HOW TO SAY BABYLON: A Memoir, by Safiya Sinclair. Read by the author.
After her strict Rastafari father threatens to kick her out of the family home for refusing to cower to his verbal abuse, a teenage Safiya Sinclair looks out into the darkness of the Jamaican mountains, “the thick countryside where our first slave rebellion was born,” and sees the specter of a woman dressed in white, her dreadlocked head bowed “under the gaze of a Rastaman.” The woman, she realizes, is herself, a harbinger of “the future that awaited me at my father’s hands.”
Where “all the rage had been smothered out of” this recurring apparition in Sinclair’s debut memoir, “How to Say Babylon,” the same cannot be said of the author, who seethes and roars and overflows with emotion throughout this deeply affecting account of growing up under her father’s violent and controlling hand — and of escaping it to become an award-winning poet.
Hovering above the deep sadness and anger are Sinclair’s vivid and rhythmic memories of her mother’s laughter and her soothing touch as they “fold into each other in the living room” before school; the golden rolling paper Esther carried for the ganja whose aroma “clung to me like I clung to Mom.” Memories of her three younger siblings’ greasy fingers and gleeful screeching, of her father’s repeated chant, “Fire bun Babylon!,” which he “turned …. on his tongue like prayer.”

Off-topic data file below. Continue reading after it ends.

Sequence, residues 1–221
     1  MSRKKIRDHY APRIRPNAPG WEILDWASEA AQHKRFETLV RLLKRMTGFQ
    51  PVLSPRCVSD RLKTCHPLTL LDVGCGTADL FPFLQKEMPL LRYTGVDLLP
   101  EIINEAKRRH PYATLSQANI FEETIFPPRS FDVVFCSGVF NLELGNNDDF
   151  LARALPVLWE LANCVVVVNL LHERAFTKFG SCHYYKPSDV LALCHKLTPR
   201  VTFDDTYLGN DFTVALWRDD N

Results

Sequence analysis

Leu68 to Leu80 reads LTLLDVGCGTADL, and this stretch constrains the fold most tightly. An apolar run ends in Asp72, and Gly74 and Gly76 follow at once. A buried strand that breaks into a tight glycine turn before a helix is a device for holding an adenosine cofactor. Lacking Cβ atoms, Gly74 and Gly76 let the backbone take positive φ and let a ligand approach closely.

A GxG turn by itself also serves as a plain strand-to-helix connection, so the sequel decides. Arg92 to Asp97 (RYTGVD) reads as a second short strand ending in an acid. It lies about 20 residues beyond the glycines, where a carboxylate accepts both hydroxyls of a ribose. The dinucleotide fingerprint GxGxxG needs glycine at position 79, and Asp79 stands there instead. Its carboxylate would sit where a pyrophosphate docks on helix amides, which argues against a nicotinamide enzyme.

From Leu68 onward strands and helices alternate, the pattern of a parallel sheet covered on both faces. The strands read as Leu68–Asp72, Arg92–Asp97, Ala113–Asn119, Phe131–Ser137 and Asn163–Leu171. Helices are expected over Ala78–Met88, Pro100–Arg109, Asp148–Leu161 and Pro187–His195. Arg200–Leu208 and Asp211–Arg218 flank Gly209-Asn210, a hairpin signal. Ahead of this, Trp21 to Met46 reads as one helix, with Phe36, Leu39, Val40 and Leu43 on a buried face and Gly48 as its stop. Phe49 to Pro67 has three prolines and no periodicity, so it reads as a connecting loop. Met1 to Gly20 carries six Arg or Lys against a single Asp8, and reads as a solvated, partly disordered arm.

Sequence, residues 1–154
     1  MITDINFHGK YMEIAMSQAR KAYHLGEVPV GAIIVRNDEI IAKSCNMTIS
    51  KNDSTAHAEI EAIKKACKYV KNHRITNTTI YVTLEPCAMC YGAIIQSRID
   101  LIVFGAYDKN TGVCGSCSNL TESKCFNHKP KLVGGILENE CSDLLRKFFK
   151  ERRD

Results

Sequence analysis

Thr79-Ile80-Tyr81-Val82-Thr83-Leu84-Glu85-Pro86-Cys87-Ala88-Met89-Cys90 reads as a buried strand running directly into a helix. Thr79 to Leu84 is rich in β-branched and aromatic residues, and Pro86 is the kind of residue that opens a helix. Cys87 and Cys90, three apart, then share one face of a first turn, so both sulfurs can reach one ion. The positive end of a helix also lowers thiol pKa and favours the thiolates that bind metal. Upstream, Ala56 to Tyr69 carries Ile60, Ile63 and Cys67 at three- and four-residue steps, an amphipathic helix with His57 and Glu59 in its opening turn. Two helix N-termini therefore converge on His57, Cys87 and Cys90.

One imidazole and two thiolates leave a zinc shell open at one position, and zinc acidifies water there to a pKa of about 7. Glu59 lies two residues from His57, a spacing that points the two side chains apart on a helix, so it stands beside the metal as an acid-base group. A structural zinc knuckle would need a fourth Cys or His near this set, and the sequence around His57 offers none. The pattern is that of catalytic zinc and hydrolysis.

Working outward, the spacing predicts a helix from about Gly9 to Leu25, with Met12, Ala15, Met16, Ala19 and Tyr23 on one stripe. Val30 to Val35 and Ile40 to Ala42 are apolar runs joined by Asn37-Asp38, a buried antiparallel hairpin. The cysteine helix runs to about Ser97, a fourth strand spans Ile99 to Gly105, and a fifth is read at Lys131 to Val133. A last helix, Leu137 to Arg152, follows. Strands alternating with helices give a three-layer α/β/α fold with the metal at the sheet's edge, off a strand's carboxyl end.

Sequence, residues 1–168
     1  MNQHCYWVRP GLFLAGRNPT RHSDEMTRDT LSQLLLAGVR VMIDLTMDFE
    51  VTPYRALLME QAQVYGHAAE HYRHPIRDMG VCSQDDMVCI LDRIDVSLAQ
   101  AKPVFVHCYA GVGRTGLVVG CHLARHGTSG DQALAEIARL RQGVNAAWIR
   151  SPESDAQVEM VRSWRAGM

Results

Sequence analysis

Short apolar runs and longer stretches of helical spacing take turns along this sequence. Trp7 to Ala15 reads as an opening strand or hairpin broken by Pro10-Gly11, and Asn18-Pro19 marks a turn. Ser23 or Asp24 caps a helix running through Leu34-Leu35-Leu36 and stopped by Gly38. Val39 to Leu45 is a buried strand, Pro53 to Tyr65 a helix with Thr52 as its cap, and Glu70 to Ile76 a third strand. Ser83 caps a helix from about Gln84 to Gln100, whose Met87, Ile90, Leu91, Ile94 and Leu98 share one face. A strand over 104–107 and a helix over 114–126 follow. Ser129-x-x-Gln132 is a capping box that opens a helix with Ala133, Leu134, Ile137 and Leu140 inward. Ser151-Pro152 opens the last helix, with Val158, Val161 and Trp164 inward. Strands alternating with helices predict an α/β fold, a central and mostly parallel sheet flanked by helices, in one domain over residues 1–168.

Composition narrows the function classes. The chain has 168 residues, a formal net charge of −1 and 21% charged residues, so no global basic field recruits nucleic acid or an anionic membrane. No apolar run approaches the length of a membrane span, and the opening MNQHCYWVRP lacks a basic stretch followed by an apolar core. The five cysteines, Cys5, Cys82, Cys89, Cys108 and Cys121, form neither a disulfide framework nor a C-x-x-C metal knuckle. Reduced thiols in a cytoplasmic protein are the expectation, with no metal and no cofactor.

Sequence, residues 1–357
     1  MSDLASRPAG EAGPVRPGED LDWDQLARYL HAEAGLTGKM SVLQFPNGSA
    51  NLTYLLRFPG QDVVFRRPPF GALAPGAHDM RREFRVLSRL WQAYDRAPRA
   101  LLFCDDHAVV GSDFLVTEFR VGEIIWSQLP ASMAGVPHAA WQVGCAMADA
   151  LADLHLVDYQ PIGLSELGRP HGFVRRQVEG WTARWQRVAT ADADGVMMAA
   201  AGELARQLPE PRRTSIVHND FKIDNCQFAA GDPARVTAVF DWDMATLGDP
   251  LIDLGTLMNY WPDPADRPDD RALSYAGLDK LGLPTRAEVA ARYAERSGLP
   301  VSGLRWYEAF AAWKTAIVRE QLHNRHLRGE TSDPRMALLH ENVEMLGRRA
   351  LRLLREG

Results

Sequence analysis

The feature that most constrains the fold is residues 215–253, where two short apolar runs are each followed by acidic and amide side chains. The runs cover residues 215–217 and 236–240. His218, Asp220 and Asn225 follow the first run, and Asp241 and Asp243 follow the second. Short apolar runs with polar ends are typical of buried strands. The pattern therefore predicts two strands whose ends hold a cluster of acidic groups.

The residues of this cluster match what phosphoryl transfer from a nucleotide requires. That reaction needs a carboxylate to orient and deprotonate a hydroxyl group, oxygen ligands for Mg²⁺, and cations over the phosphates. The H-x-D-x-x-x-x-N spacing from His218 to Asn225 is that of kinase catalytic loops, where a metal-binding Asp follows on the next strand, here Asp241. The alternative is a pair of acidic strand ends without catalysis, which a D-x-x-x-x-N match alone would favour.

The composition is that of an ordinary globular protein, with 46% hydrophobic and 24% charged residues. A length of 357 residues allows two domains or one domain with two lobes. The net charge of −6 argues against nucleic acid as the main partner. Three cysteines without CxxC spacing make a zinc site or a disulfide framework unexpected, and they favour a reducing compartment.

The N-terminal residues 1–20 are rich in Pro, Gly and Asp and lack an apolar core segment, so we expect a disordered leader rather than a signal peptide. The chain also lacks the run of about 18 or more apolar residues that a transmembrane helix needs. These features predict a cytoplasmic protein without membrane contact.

As if in answer to her father’s stifling doctrine, Sinclair spins her own incantations out of the untamed landscapes of her upbringing — first the fishing village lined with zinc-roofed shanties, hibiscus trees and cinder blocks; then the “towering blue mahoes and primeval ferns” further inland, the “serried and vigilant” mountain ridge of her later childhood — her voice as sensuous as a siren song.
HOW TO SAY BABYLON: A Memoir | By Safiya Sinclair | Read by the author | Simon & Schuster Audio | 16 hours, 46 minutes
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